If square brackets are used to refer to more than one paragraph, each paragraph number should be surrounded by square brackets and be separated by a comma (eg [137], [140]). When citing spans of paragraphs, insert an en-dash between the first and last paragraph being cited (eg [137]–[140]).

  • Where a term such as ‘Plonit’ or ‘Ploni’ or ‘John/Jane Doe’ appears in a case name (for reasons of confidentiality), this should be replaced by ‘X’ and ‘Y’.

(a) International Court of Justice

Published case law:

ICJ, | Full case name, | Phase, Type of decision | [year] ICJ Rep + first page, | type of opinion if not the majority, | [para pinpoint number] (if relevant)

Unpublished case law:

ICJ, | Full case name, | Phase, Type of decision, | date, | type of opinion if not the majority, | para pinpoint (if relevant)

Examples

ICJ, Arrest Warrant of 11 April 2000 (Democratic Republic of Congo v Belgium), Judgment [2002] ICJ Rep 3, separate opinion of Judges Higgins, Kooijmans and Buergenthal, [75].

ICJ, Barcelona Traction, Light and Power Co Ltd (Belgium v Spain), Second Phase, Judgment [1970] ICJ Rep 3, [33]–[35].

ICJ, Cameroon v Nigeria, Provisional Measures [1996] ICJ Rep 13, [39], [42].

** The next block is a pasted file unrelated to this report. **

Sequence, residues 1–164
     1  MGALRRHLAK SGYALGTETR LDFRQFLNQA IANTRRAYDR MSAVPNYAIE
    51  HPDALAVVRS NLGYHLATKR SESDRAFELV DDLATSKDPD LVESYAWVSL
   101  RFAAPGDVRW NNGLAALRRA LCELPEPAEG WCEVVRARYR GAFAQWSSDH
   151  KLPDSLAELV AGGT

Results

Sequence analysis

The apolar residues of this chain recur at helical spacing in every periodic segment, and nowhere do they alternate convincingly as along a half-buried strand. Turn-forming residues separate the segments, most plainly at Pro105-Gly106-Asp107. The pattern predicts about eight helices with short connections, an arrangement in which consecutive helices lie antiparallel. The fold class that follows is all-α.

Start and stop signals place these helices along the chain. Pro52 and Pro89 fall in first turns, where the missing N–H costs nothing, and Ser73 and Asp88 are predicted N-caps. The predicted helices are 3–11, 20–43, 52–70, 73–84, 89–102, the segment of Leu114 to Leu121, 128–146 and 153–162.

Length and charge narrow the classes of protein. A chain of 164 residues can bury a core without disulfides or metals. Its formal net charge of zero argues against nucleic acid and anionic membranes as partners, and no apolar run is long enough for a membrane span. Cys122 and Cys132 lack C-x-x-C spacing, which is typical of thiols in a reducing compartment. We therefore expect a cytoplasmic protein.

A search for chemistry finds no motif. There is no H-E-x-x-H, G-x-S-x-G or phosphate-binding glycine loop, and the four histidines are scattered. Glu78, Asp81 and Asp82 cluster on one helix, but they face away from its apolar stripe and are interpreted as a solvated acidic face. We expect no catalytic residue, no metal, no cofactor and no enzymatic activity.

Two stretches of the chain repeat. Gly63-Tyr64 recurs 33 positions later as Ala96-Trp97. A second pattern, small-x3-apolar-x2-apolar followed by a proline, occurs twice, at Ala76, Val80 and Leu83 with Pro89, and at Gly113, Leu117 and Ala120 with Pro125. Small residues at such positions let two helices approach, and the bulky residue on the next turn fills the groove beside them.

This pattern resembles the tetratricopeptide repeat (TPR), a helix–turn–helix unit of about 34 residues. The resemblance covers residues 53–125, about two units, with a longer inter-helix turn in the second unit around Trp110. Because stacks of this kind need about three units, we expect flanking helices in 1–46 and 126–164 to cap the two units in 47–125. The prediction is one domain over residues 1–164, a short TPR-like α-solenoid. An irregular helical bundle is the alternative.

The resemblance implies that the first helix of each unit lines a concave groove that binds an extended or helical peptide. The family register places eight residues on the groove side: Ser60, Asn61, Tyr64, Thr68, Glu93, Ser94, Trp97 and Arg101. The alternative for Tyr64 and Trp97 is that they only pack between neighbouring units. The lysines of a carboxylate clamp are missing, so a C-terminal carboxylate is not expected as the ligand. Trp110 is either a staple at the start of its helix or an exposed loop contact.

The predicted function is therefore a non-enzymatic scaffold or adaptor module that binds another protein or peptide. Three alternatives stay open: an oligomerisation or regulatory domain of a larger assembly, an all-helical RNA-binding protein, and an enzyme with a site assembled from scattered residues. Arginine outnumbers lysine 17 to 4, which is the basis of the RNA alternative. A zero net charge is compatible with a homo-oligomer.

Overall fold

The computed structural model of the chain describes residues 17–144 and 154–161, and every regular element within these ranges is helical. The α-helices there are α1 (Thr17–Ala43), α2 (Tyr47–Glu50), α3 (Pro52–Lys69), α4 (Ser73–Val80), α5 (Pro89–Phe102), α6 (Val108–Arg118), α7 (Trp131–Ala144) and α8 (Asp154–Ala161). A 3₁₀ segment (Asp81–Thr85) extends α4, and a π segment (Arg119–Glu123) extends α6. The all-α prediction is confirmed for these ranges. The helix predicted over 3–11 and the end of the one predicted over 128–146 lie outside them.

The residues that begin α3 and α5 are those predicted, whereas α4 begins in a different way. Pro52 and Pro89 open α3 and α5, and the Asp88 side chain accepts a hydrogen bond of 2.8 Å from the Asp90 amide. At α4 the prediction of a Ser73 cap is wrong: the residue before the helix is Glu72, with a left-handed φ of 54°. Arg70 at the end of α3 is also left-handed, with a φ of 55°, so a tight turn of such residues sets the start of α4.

ICJ, Certain Phosphate Lands in Nauru (Nauru v Australia), Preliminary Objections, Judgment [1992] ICJ Rep 240.

ICJ, Legal Consequences of the Construction of a Wall in the Occupied Palestinian Territory, Advisory Opinion [2004] ICJ Rep 136, dissenting opinion of Judge Shahabuddeen, [34].

ICJ, Legality of the Threat or Use of Nuclear Weapons, Advisory Opinion [1966] ICJ Rep 226.

ICJ, Military and Paramilitary Activities in and against Nicaragua (Nicaragua v US), Jurisdiction and Admissibility, Judgment [1984] ICJ Rep 500.

ICJ, Military and Paramilitary Activities in and against Nicaragua (Nicaragua v US) Merits, Judgment [1986] ICJ Rep 14.

(b) Permanent Court of International Justice

PCIJ, Full case name, | Type of decision | (year) PCIJ Rep | (series, case number) | specific page ref

Examples

PCIJ, Danzig Railway Officials, Advisory Opinion (1928) PCIJ Rep (Ser B, No 15).

PCIJ, Factory at Chorzów (Germany v Poland), Jurisdiction (1927) PCIJ Rep (Ser A, No 9) 31.